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The pioneer cohort of curriculum reform: Guinea pigs or trail-blazers?
© McLean; licensee BioMed Central Ltd. 2005
- Received: 28 September 2004
- Accepted: 15 July 2005
- Published: 15 July 2005
With curriculum reform, whether we admit it or not, the first cohort of students will be 'test-driving' the new programme. Not only are they the pioneers of a new curriculum, but as they progress through their studies, they experience each year of the innovation for the first time. As curriculum designers, we learn from their experiences and their feedback to improve the programme content and delivery, invariably for subsequent cohorts. A considerable onus therefore rests with this pioneer group, and their contribution to curriculum design, evaluation and programme revision should be valued.
- Curriculum Reform
- Curriculum Design
- Programme Content
- Curriculum Developer
- Traditional Curriculum
With curriculum reform, whether we admit it or not, the first cohort of students will be 'test-driving' the new programme. Not only are they the pioneers of a new curriculum, but as they progress through their studies, they experience each year of the innovation for the first time. As curriculum designers, we learn from their experiences and their feedback to improve the programme content and delivery, invariably for subsequent cohorts. A considerable onus therefore rests with this pioneer group, and their contribution to curriculum design, evaluation and programme revision should be valued [1, 2].
From a personal perspective, based on experiences with our pioneers in an institution with a long traditional history, much advice can be offered to faculties considering implementing a curriculum such as problem-based learning (PBL). Perhaps of most importance is that pioneer students should not feel like experimental subjects or 'guinea pigs', but rather as torch-bearers and ambassadors of the new programme whose constructive input is valued. They should, however, not be overloaded with evaluation, and they must benefit from their input into programme revision.
Criticism, rumours and misconceptions are detrimental – address them in the early stages of curriculum reform . To ensure buy-in, involve staff and students in the planning and development of the new programme from the outset, and update them regularly on the progress. Advertising well defined outcomes and objectives by which competency is to be assessed will allay fears regarding quality issues. Also critical is a dean or senior faculty leader who is perceived to be a major player driving the reform [3, 4].
Curriculum developers and organisers need clear insight (i.e. long-term planning) into the entire PBL curriculum, particularly if it is of shorter duration than the traditional programme. If registration is not suspended for one year (highly recommended), bear in mind that there will be two cohorts of final year students. Students in both curricula will need reassurance of equitable support in this year.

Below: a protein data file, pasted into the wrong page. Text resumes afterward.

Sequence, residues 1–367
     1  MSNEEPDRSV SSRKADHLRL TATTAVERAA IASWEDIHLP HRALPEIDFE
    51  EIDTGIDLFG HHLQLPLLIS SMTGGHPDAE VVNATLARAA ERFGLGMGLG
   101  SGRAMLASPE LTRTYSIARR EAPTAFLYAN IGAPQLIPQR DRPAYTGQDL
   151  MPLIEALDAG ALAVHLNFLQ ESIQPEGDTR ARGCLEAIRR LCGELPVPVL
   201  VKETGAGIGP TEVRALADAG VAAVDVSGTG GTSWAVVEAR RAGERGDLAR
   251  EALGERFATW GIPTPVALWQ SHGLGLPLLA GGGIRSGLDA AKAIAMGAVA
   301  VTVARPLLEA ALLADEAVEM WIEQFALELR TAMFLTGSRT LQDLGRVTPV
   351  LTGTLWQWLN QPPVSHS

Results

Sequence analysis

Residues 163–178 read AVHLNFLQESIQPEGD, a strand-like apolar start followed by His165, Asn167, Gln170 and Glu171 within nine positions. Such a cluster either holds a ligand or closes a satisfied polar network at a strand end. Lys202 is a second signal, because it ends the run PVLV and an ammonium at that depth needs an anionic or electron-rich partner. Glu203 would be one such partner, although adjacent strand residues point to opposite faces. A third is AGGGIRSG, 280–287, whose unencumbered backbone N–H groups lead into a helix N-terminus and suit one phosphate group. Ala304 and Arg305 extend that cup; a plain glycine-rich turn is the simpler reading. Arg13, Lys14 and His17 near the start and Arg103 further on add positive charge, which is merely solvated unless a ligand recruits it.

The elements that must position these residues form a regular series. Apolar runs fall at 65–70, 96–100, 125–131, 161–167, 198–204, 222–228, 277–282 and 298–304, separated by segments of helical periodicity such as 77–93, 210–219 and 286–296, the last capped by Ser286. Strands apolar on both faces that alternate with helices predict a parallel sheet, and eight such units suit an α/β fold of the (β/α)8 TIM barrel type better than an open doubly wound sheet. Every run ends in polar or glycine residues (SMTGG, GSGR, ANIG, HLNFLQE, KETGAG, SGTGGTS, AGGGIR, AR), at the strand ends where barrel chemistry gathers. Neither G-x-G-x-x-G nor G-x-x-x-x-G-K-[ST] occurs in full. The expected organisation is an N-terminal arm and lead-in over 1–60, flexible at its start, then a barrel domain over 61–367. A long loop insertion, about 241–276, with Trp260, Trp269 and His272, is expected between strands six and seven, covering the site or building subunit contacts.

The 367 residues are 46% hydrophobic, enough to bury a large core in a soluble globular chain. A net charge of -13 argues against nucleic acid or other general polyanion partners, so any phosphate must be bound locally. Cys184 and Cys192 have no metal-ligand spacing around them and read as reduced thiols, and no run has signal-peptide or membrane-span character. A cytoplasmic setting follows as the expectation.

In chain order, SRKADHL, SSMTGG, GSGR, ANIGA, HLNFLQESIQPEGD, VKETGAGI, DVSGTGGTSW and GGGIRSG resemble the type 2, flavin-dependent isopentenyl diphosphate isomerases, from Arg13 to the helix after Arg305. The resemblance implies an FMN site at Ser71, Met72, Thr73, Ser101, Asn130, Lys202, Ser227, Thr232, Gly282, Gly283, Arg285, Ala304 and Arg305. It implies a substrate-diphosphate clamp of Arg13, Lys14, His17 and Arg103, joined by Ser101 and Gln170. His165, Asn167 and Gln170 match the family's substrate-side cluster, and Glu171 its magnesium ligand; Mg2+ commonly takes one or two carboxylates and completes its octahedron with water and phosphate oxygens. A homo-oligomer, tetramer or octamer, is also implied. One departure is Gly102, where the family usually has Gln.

The year in which the pioneer students are studying must be well organised, with minimal disruption. Major modifications only serve to exacerbate uncertainty and provide sceptics with ammunition for criticism. Each year of the programme must be planned in advance as students will ask for details of what they can expect the following year.
As student learning is driven by the assessment and as their progress hinges on their success in the assessment, this aspect of the curriculum must be assigned priority, rather than leaving it to one of the last issues to be addressed in the reform . Explain the format and rationale for the assessment, as it will (or should) be different from what they are accustomed to.
Providing pioneers with sufficient support (e.g. meetings with curriculum developers; assistance with self-directed learning skill; counselling) is of critical importance, as these students have no senior PBL colleagues to consult. Ideally, faculty mentors would be of great benefit to these students, but since the human resource capacity is often limited, interaction between students of the two curricula should be encouraged. Our research suggests that students from different curricula draw on each other's strengths, forming extensive informal student support networks. Faculties should capitalise on these interactions by formalising cross-curriculum peer support groups.
Students deserve the right to contribute to their curriculum. Engaging with pioneers as they progress through their studies provides not only valuable insight into their experiences as trail-blazers but also into those of their traditional curriculum colleagues. Just as pioneers need to be nurtured, traditional curriculum students deserve the same support during the phasing out of their curriculum. Documenting student perceptions during the simultaneous offering of dual curricula is certainly an area for future research as the handful of comparisons between the two curricula have, to date, concentrated on the outcomes (as opposed to the 'process') of programmes.
The author salutes the pioneer students of Curriculum 2001. You are truly trail-blazers from whom we have learnt much.
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- The pre-publication history for this paper can be accessed here:http://www.biomedcentral.com/1472-6920/5/26/prepub
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